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Opinion In an impeachment hearing, we are all jurors

President Trump responds to a question about Ukraine and the whistleblower report while holding a news story from the New York Times during a joint news conference with Finland's President Sauli Niinisto at the White House on Wednesday. (Kevin Lamarque/Reuters)
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Let’s face it. Politics is tiring us out. Polarization is exhausting. Yet, drained as we are, we should not turn away from the impeachment inquiry into President Trump’s execution of his powers of office. Consider the call for your attention a national version of jury duty.

The jury is the wellspring of democracy. Both ancient Athens and 17th-century England eventually gave the last words on hard questions of justice to juries of ordinary citizens, and thus the rudiments of the power of the people were born. If articles of impeachment move forward from the House to the Senate, our senators will effectively serve as the president’s jurors. Yet as we citizens watch, we constitute a second body sitting in judgment.

What do we judge? There has been some debate over whether offenses must be violations of criminal law in order to be impeachable. This debate has caused confusion.

To clarify: Violations of criminal law may well justify impeachment. If they rise to the level of “high crimes and misdemeanors,” they would be among potential impeachable offenses. They may even suffice as grounds for impeachment, though they are not necessary.

Other, non-criminal offenses can also justify impeachment. The 1974 House report on impeachment offers three categories of such action:

(1) exceeding the powers of the office in derogation of those of another branch;

(2) behavior in a manner grossly incompatible with the proper function and purpose of the office; and

(3) employing the power of the office for an improper purpose or for personal gain.

Each of these categories represents conduct that subverts the system of government, as the authors of the report argued.

To think that offenses of this kind are not violations of law is a mistake. They may not be violations of the criminal code, or of our civil laws. They are, however, violations of the Constitution, and the Constitution is a law. Yes, the Constitution was passed by the entire body of the people through a process of ratification, rather than being created by representatives through the process of legislation, but it is a law nonetheless. It is the first law.

What part of the Constitution do offenses of this kind violate? The Constitution requires that the president swear the following oath: “I do solemnly swear (or affirm) that I will faithfully execute the Office of the President of the United States, and will to the best of my Ability, preserve, protect and defend the Constitution of the United States.”

The Mueller report probed this concept of “faithful execution” and, to interpret it, cited a 1755 dictionary written by Samuel Johnson, which defined the term as “strict adherence to duty and allegiance.” The report continues, "The concept of ‘faithful execution’ connotes the use of power in the interest of the public, not in the office holder’s personal interests.”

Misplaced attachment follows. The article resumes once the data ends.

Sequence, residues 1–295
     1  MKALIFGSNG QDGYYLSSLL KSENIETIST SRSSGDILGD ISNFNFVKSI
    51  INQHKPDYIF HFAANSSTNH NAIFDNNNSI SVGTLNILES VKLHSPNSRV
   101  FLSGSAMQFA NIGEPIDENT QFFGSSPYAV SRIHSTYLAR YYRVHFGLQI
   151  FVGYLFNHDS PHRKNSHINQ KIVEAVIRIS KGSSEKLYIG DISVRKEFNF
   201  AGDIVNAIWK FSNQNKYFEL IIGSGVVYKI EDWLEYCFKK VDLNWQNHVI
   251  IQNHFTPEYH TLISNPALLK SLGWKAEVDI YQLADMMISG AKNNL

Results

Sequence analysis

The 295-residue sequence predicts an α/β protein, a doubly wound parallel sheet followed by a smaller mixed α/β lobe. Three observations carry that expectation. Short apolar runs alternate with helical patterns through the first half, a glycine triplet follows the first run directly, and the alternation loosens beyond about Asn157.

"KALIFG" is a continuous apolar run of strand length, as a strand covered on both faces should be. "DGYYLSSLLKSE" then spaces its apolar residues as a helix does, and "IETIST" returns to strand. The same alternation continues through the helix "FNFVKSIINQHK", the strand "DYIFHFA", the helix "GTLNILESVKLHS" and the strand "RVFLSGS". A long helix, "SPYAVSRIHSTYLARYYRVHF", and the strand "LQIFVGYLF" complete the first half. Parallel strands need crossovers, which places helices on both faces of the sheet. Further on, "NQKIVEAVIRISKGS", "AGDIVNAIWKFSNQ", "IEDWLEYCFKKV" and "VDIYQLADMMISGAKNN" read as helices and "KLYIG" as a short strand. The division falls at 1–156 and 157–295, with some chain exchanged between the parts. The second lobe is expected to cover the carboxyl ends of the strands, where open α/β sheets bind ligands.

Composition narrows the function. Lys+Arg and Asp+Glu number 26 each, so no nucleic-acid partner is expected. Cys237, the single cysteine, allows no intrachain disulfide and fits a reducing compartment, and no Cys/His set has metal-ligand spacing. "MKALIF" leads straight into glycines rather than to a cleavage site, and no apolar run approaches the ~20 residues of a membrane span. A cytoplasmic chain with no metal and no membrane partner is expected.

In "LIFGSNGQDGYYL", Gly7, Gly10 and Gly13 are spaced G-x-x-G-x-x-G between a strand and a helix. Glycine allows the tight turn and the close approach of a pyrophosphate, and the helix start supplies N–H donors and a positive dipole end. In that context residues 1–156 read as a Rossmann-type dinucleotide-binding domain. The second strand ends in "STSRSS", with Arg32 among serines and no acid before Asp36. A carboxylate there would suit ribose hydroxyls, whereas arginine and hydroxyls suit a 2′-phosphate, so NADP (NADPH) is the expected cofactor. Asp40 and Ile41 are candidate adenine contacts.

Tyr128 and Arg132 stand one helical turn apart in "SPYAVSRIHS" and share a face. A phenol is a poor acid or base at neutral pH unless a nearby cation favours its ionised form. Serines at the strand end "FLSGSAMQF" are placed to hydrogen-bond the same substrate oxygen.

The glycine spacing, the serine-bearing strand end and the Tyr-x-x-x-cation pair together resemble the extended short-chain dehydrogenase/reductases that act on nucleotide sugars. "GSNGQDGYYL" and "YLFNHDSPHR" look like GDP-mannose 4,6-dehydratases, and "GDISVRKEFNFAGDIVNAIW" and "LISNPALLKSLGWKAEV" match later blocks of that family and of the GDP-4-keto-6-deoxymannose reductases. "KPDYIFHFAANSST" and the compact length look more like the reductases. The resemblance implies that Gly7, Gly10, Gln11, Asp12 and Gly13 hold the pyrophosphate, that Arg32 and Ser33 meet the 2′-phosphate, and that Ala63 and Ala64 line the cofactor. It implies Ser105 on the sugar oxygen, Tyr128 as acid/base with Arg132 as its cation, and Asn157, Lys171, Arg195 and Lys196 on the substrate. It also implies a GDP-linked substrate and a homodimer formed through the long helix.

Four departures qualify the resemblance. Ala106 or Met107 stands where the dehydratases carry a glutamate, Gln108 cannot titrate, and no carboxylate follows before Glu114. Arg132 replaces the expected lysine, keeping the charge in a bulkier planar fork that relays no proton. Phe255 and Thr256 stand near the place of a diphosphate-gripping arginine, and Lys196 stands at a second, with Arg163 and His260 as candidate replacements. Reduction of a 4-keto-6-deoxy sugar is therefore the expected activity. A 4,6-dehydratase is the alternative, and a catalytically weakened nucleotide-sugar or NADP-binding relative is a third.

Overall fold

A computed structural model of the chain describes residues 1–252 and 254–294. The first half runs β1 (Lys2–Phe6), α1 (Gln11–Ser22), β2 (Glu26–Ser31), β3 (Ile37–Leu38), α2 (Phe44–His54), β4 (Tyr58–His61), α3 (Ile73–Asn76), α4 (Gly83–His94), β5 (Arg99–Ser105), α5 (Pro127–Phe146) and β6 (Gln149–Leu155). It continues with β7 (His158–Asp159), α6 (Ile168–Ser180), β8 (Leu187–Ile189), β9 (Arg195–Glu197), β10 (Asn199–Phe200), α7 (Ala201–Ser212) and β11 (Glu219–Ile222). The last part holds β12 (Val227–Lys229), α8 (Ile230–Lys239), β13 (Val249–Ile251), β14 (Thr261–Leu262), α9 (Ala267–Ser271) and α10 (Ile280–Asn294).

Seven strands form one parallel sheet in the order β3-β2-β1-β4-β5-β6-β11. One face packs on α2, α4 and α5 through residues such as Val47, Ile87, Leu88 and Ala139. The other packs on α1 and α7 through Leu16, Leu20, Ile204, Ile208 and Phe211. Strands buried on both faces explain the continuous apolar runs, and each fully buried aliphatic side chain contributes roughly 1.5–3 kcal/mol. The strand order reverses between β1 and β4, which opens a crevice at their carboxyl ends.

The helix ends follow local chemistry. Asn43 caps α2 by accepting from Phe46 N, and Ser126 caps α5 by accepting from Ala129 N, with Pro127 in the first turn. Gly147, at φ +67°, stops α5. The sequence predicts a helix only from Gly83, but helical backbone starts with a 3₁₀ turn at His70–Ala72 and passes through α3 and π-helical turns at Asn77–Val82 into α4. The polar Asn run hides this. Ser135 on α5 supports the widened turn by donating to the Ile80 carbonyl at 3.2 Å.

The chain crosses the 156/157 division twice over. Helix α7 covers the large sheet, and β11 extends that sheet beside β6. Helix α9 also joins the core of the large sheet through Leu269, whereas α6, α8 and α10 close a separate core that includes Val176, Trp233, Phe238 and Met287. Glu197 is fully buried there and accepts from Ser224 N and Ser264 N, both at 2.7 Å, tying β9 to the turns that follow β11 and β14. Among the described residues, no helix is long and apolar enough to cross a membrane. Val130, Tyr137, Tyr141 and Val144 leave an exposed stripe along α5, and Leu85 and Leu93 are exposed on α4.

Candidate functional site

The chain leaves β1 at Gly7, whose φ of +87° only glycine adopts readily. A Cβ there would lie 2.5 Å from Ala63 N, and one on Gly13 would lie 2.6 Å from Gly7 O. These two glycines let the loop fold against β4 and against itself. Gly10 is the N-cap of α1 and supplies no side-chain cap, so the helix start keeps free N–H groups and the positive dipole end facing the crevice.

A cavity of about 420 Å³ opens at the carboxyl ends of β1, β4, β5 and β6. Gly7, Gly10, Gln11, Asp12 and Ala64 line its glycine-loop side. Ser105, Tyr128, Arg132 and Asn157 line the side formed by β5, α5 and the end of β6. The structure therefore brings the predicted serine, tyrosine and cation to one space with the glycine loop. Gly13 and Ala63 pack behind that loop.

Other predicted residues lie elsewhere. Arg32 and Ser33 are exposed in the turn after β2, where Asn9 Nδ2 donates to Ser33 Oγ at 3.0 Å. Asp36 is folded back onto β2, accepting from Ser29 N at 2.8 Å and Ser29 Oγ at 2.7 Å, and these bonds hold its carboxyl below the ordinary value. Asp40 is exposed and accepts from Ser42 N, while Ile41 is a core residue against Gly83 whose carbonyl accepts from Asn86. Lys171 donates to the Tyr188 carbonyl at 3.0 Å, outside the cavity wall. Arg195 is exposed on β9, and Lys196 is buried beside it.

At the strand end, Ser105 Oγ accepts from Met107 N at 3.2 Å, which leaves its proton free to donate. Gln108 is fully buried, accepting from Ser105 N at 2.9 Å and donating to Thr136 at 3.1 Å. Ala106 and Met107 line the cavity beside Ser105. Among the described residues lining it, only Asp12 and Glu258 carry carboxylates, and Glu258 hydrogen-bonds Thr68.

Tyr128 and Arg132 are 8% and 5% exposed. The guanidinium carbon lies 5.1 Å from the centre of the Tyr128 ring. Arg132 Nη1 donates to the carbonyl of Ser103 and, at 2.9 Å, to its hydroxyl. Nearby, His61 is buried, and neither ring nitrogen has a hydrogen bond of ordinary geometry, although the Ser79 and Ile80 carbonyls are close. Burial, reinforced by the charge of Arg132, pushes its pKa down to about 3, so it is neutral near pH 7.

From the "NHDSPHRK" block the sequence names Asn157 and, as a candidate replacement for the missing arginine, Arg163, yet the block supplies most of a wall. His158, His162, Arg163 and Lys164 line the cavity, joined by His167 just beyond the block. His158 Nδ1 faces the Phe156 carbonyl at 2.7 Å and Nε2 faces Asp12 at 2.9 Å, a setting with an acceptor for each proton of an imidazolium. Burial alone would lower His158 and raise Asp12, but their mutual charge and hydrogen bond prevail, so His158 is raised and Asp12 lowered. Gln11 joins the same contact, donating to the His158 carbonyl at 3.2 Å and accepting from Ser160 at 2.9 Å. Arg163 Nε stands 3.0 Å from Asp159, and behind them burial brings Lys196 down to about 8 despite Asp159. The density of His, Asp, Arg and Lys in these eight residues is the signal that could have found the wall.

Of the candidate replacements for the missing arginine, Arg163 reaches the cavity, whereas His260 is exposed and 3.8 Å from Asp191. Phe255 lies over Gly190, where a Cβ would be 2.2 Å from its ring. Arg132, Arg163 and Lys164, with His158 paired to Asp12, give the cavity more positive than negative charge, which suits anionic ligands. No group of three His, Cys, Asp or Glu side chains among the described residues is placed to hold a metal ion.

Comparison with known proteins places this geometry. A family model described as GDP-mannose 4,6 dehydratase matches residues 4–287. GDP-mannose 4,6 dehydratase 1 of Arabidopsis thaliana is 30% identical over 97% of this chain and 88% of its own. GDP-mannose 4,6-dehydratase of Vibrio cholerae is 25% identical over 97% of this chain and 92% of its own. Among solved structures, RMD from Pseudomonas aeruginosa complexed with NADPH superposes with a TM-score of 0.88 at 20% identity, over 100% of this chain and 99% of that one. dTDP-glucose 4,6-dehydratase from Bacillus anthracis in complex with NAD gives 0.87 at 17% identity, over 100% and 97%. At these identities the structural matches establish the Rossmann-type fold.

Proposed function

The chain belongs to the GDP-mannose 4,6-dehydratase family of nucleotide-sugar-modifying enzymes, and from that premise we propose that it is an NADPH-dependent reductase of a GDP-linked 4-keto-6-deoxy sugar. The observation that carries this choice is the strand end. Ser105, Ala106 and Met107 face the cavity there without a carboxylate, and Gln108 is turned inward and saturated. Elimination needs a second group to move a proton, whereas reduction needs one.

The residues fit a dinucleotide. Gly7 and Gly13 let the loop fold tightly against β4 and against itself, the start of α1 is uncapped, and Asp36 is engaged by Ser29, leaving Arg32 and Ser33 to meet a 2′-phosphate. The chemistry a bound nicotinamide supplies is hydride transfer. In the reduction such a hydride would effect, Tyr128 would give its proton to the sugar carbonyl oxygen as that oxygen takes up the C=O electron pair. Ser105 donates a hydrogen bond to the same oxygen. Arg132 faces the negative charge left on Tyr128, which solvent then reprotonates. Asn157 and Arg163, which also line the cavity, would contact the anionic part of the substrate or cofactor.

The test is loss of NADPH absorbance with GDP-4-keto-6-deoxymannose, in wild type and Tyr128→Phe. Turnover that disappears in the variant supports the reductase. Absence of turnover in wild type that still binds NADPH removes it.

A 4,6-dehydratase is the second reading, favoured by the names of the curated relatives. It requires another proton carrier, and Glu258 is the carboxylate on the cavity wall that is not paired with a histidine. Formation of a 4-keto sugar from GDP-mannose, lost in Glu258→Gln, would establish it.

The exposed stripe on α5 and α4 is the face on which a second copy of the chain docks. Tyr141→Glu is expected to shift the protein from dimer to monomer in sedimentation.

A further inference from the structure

To determine whether someone executed the powers of their office faithfully, you can’t press a button and run an algorithm. You need to make a judgment — just as juries make judgments about whether something is beyond reasonable doubt or is established by a preponderance of evidence. Every decision about whether something unlawful has happened entails judgment, not merely some sort of rote, predetermined application of a rule.

This case, too, requires judgment — first by the members of the House of Representatives, and then, perhaps, by the members of the Senate.

But it already requires our judgment as citizens. If this is our moment of something like national jury duty, what are we called to judge?

Our predecessors as citizens in this republic established a standard for the execution of the office of the presidency. That was the standard of faithfulness. The real question at stake in the impeachment inquiry into Trump’s actions, as documented in the special counsel’s report, and as being investigated now in relation to the call with Ukraine’s President Volodymyr Zelensky, is whether we care that this standard be enforceable.

I have argued before that any articles of impeachment should be confined to legal categories. But I also note, again, that the relevant legal category is not merely the criminal but also the constitutional, and, in particular, the requirement that the president execute the powers of office faithfully.

I would therefore ask my fellow, tired Americans to gather themselves up once more for impartial consideration of what is necessary for the preservation of our legal system. The president is not alone in the hot seat. We’re all in it. The most important question is, what do we want the standard to be for the operation of our constitutional mechanisms? How will we judge?

Do we want to maintain a standard pegged to “faithfulness”? Ask yourself this. Debate it with friends.

Find someone with whom you disagree politically and discuss this question. I’ll buy lunch for two for the first 10 people who can demonstrate that they’ve taken a friend of a different political persuasion to lunch to have this conversation.

Read more:

Helaine Olen: Republicans don’t have a good argument against impeachment — because there isn’t one

Dana Milbank: Trump’s impeachment defense is all alligators and snakes

Karen Tumulty: Impeachment will define the 2020 election

Greg Sargent: Trump has placed himself above the law. His latest eruption confirms it.

The Post’s View: The Trump-Zelensky readout is a devastating indictment of our president